ABSTRACT: The expression of CD25 or CD28 on T cells was examined in patients with rheumatic diseases associated with interstitial pneumonitis (IP), in order to investigate the conditions of CD4+CD25+ regulatory T cells and CD8+CD28- suppressor T cells. Fifty-five patients with various rheumatic diseases and 23 normal controls were enrolled. CD4+CD25+ T cells of patients with IP were significantly decreased in comparison with non-IP patients, and the ratio of CD8+CD28- T cells in patients with IP was significantly higher than that in non-IP patients or normal controls. These results for CD8+CD28- T cells were in accord with the decrease in CD8+CD28+ T cells, and may be related to activation-induced CD8+CD28+ T-cell death. Thus, the abnormality of CD4+CD25+ regulatory T cells may be related to the pathogenesis of IP, and the survival and activation of CD8+ T cells.
    Modern Rheumatology 07/2008; 18(6):562-9. · 1.72 Impact Factor
  • Source
    [Show abstract] [Hide abstract]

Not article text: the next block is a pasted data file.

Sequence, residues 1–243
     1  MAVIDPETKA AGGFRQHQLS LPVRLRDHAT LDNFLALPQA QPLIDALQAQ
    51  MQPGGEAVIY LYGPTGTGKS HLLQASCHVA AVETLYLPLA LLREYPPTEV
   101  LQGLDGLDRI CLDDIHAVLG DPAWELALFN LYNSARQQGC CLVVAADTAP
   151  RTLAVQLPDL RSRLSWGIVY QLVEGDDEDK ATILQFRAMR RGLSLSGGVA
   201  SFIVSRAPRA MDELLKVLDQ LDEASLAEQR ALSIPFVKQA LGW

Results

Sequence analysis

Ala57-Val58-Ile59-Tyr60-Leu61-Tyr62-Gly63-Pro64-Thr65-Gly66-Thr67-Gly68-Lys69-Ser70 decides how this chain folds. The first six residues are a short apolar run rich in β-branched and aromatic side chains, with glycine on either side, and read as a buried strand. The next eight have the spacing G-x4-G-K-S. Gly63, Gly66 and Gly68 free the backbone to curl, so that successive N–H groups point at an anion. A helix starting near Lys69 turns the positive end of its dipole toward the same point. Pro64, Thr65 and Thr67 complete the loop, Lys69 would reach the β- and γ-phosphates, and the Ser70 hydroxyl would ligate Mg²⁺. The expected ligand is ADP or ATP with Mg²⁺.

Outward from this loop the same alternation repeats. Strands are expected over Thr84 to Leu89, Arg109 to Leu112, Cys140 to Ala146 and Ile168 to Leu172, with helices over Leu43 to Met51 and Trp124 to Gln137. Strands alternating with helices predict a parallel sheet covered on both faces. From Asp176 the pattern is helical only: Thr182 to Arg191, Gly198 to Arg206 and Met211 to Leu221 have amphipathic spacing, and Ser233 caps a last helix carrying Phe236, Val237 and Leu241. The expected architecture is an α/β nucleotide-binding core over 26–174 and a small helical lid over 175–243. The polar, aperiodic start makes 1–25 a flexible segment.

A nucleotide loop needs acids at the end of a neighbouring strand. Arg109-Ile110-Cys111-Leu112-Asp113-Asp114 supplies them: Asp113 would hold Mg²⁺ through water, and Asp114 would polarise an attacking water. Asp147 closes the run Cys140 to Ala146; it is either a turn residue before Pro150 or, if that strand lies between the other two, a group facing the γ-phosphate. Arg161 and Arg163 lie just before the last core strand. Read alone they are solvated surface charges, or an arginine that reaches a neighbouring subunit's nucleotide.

ABSTRACT: Toll-like receptor 9 (TLR9) is a pattern-associated receptor functioning in innate immunity that may be involved in the recognition of self-antigens and the production of pathogenic auto-antibodies. Therefore, we examined the expression of TLR9 in systemic lupus erythematosus (SLE) to determine whether TLR9 is involved in the production of pathogenic auto-antibodies. B cells were collected from patients with active SLE, and subjected to analysis of the TLR9 molecule using flow cytometry fluorescence activated cell sorting (FACS) and TLR9 mRNA by reverse-transcriptase polymerase chain reaction. SLE B cells were stimulated with CpG-ODN, and subsequent cytokine and anti-dsDNA antibody production was measured by enzyme-linked immunosorbent assay. The expression and mRNA level of TLR9 on B cells was up-regulated in SLE patients, and SLE disease activity index (SLEDAI) and CH50 were correlated with TLR9 expression on CD20+ B cells. Moreover, TLR9-CpG interaction enhanced the production of anti-dsDNA antibody and IL-10. The present study demonstrated that higher expression of TLR9 on peripheral blood B cells from patients with active SLE was significantly correlated with CH50 and SLEDAI to TLR9, and induced the production of anti-dsDNA antibody and IL-10 by TLR9-CpG ligation. These results suggest that an abnormality of innate immunity plays a crucial role in the pathology of SLE, and that blockade of CpG-TLR9 interaction may be a new therapeutic approach for SLE.